We were ready for the change, and it has not been hard – it has been a positive lifestyle choice for us both. It also didn’t take long for both of us to feel a shitload more energetic, too, and just so darn good about nourishing ourselves so well. Weirdly, I don’t get anemic at all any more.
Liz: Eating with love and gratitude sounds very conducive for digestion – the ‘rest and digest’ mode. I will remember this. What are some other things you found helpful to healing?
Anaya: I explored meditation, mindfulness, yoga, chiropractic (alternative), acupuncture, energy work, nutritional supplements and detox, vibrational therapy, NLP, and more.
There was no one magic bullet but a series of things that helped me in that moment, at that time.
It is a bit of a dance for sure—taking care of and accepting how you are in the now while still holding hope and belief for a better healthy future.
Liz: Yes. Were there times you were scared of your ‘now’? For me, when things didn’t go away after 10 days…then 10 weeks…I became quite scared about what was going on in my body.
Anaya: Initially, the symptoms were just things that were happening in my body – they were signposts of what I needed to take care of at that time.
But after I realised the quick fix I hoped for might not happen, I became more sensitised to them and they began to take on more meaning.
I ascribed meaning to each symptom. “Oh my throat is sore” meant I did too much (Woe is me…..what will happen now?); “Oh my body aches” meant I am going down hill AGAIN. I was not helping my situation.
This stuff would loop around in my brain, around and around until it started to get ‘hard wired’ and become my modus operandi.
I began to scan my body for these tell-tale signs that I had overdone it and then go in self-protection mode.
There was a point when I must have been scanning my body literally thousands of times a day. This is the part where I got tempted to identify with CFS and make it part of who I was. Thank goodness, I caught myself.
Through self-reflection and a good deal of research, I eventually realized that all this scanning was hardwiring the illness into my neural pathways. I learned scanning and catastrophizing messes with our nervous systems and contributes to multisystem imbalances (endocrine system and digestive system, for example).
Liz: Yes, the Catch-22 of ME/CFS. The stress of it all perpetuates the dysfunction. If our brain’s think we’re in danger, we’re not going to be able to digest our food as easily. And that will block our healing.
Anaya: Yes. I believe maladaptive neural pathways is where the next lot of symptoms arise—the sensitivities such as food intolerances, chemical sensitivities, light sensitivity, the inability to be around more than one (or even one) person and so on.
This cycles around and around almost subconsciously until you stop it, which I learned I had the power to do.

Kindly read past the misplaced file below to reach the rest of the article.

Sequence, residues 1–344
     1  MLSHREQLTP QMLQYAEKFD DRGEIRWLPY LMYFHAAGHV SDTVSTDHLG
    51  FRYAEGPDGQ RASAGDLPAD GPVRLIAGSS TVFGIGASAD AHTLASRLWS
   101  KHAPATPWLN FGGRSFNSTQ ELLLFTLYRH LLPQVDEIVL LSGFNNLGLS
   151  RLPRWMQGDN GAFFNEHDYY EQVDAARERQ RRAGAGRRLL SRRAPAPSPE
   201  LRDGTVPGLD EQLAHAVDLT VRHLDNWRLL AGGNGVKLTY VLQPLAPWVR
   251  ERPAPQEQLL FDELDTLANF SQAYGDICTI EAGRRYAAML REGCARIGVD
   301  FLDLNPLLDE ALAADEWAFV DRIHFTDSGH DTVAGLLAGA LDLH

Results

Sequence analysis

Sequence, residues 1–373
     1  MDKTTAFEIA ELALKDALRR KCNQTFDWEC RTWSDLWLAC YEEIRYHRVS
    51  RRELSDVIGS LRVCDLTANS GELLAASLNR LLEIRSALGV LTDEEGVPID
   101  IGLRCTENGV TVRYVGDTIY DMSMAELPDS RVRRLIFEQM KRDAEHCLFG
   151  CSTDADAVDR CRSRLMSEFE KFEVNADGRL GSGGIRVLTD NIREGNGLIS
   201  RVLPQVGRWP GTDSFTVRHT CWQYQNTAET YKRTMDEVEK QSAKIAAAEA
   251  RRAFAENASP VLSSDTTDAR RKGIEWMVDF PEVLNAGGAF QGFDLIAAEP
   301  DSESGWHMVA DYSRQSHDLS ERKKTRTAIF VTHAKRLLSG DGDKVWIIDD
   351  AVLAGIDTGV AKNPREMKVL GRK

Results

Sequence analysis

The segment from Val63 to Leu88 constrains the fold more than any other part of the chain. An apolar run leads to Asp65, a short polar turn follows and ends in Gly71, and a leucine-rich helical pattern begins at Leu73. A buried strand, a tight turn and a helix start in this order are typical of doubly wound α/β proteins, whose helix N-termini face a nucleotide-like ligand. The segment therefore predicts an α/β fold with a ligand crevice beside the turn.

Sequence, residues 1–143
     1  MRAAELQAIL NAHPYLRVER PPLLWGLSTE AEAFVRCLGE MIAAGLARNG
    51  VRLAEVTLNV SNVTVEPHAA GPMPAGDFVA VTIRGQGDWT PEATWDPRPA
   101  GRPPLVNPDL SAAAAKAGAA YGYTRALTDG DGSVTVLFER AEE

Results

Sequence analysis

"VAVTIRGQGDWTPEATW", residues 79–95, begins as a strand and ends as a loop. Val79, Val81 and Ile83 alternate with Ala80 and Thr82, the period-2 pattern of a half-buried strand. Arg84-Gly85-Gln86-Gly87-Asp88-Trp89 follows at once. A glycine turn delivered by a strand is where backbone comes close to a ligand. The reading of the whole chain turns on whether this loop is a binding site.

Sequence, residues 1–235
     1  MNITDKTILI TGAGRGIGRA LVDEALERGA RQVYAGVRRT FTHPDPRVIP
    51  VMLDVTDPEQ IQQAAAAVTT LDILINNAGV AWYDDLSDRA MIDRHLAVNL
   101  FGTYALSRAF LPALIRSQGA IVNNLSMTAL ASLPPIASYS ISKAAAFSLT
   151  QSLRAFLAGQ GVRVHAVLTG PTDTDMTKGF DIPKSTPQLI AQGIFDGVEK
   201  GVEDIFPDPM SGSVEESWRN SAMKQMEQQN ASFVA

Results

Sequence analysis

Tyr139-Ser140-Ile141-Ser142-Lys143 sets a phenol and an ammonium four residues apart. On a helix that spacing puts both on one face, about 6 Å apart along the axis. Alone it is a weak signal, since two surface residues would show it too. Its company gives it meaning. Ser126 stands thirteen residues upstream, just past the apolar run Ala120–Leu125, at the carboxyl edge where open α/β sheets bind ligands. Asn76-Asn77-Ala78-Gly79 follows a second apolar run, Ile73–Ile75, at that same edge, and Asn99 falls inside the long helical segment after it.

These loops are literally fake news, and we know the danger of fake news—repeat it enough and you will start to think it is the truth.
In CFS, our brains become hard-wired that we are not safe and we need to activate our sympathetic nervous system to deal with life-threatening stimulus (when really it was just a tabby cat walking by, or some constructive feedback at work, a walk, or a bad cup of tea).
Now we need to help it learn through constant love, repetition, and support that we are safe, everything is okay, and our bodies are amazing. And so this is what I did.
Liz: This resonates with my experience, too. The stress of my environmental healing blockers and CFS itself perpetuated a fight-or-flight response, and I had to work to heal my brain. How do you get your brain to tell your body everything was okay?
That’s the beauty of our brain and neuroplasticity—we are constantly learning and it is changing and adapting as we do.
My primary focus became calming my body by activating my parasympathetic nervous system, which deals with resting and digesting (and sex).
If you think of the sympathetic nervous system as the accelerator in a car, the parasympathetic nervous system is the brakes.
Liz: What did you do to activate your parasympathetic recovery system?
Anaya: The most effective tool to do this for me was through my breath.
For example, I breathed slowly and intentionally, with longer exhales; hummed as I breathed out; and ahhhhhhhhiiiiinnnng as I breathed out. I focused on making the out-breath longer, which serves to activate the PSNS and bring the nervous system back into balance.
I also used laughter, which is the body’s natural antidote to stress; meditation; and somatics exercises, which are particularly good at releasing deep physical patterns associated with the stress response.
Once I was in a calm and joyful state, rewiring my brain was a lot easier.
Liz: Can you explain how you rewired your brain? This was something I did, as well as I’ve shared, after removing environmental stress and creating calm.
I got busy imagining and creating the future I wanted—energetic, joyful, fun, and filled with meaning.
I viscerally imagined myself climbing mountains, going to work, cooking dinner, anything and everything that I wasn’t currently able to do. I imagined myself sitting in a café, surrounded by noise and smells and breathing it all in while feeling happy, joyful, and content. I did this every day, many times a day.